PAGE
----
Monday, October 18, 2010
(Alex Goldmark, Transportation Nation) Buried deep within an excellent New York Times poll about the governor's race is a striking finding: 22% of New Yorkers would cut transportation to balance the budget. Given the choice of what to cut, transportation was the runaway choice over health care, and education.
This is the first time this question has been asked and there's a little unpacking to do here, so we called Marjorie Connelly, an Editor in the Survey Department of the New York Times.
"If you had to choose, which of the state funded services do you think should be cut, local education, higher education, health care, or transportation?"
There were no follow up questions, or specific definitions about what constitutes "transportation." So, Connelly posits that for this survey, of which this was just one tiny part, when respondents hear transportation they aren't thinking roads and bridges so much as commuter trains. "I think people are hearing public transit. They are probably thinking subways, and perhaps Metro-North type trains."
A few extra correlations run by the NYT support this. Connelly tells us they found that "the further you got away from New York City the more likely people were to pick transportation" as the area to cut. The less you use public transit the more you are likely to say cut it. That's logical.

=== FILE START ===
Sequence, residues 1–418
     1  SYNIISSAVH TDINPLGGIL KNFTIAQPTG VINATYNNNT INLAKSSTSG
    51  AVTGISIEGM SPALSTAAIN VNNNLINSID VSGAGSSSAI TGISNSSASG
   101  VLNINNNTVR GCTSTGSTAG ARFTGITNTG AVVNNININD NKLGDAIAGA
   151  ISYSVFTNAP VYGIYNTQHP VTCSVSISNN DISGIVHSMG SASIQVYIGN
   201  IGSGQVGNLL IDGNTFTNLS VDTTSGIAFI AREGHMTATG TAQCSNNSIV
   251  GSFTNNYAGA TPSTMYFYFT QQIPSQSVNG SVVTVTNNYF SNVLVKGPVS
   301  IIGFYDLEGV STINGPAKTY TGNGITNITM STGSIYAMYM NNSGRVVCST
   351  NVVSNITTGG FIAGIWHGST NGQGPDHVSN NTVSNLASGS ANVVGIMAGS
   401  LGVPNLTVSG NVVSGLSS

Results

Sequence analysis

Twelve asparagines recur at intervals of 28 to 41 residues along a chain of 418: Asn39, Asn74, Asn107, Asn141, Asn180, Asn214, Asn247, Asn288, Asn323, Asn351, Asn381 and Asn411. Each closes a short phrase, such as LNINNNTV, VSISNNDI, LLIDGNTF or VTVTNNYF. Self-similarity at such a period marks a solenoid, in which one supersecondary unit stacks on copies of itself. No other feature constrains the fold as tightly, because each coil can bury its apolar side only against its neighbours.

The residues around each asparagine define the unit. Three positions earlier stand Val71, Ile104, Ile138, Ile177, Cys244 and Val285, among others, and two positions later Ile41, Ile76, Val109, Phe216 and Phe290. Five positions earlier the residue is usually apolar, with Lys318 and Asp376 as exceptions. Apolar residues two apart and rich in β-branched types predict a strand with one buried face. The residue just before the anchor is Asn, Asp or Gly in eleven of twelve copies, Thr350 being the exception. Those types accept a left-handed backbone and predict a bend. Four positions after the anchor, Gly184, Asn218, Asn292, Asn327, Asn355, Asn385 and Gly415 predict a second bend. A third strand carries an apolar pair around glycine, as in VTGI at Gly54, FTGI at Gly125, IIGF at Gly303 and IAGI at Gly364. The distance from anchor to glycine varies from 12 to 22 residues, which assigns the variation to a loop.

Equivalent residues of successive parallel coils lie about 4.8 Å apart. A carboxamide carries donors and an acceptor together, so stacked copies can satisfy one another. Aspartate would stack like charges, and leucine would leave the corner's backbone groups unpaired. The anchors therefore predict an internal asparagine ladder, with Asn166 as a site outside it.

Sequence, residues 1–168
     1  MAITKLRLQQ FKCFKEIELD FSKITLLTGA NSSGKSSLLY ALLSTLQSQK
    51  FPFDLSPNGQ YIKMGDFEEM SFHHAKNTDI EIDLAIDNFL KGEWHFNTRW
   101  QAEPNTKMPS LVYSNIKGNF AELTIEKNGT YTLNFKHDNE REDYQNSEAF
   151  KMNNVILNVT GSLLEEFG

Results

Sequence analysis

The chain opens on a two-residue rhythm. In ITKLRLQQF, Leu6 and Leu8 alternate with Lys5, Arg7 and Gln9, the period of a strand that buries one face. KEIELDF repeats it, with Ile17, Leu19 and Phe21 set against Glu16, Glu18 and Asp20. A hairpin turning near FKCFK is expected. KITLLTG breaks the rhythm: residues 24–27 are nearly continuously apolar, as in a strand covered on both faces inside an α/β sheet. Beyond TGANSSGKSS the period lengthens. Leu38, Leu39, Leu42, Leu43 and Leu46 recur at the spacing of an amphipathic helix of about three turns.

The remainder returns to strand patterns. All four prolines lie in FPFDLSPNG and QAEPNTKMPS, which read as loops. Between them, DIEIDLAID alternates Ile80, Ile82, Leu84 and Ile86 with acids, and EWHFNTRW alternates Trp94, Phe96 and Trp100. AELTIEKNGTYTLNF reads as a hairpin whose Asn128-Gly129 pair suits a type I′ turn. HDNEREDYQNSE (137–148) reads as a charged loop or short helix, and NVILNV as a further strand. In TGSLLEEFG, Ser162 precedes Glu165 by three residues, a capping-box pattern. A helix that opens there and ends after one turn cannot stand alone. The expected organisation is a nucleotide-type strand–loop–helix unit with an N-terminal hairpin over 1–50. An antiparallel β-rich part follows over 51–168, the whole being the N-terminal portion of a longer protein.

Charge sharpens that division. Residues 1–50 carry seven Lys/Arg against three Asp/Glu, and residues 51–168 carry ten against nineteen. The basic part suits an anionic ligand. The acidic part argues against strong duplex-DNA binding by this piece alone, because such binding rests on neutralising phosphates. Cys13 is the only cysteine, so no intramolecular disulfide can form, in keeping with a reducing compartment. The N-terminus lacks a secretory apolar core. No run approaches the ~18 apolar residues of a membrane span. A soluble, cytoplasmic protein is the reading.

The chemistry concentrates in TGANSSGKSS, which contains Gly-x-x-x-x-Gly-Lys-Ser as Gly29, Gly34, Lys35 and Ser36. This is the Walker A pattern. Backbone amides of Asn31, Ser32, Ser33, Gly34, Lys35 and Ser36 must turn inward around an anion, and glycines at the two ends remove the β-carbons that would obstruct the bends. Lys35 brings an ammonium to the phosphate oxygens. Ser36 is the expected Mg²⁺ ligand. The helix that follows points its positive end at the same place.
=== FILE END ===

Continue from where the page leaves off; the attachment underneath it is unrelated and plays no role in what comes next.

Even in New York City, transportation was the plurality, but there's a gaping hole between New York City and upstate Downstate 38 percent chose transportation to cut, but upstate, far more people chose transportation to cut—58 percent of respondents.
No other factor seemed to predict who wants to cut transportation, not age, not race, not income, just location, a proxy for likelihood to use transit.
The answer might have changed if some sense of what the relative expenditures are for health care, education compared transportation. That would give a sense of which service is eating up most of the budget. If you are curious, New York State spends $4.3 billion on transportation compared to $14.2 billion on health, and $23.1 billion on local education not counting an additional $5.6 billion on higher education. That doesn't Medicaid spending.
In the same poll, 51 percent of respondents support reducing pension benefits for future state employees, and 35% think its a good idea to lay off 5% of state employees to balance the budget.
Other budget categories that were not asked about are human/social services, mental hygiene, public safety,and environment, categories with spending levels closer to transportation. It would be interesting to see how transportation stacks up against an expanded list.
Monday, October 18, 2010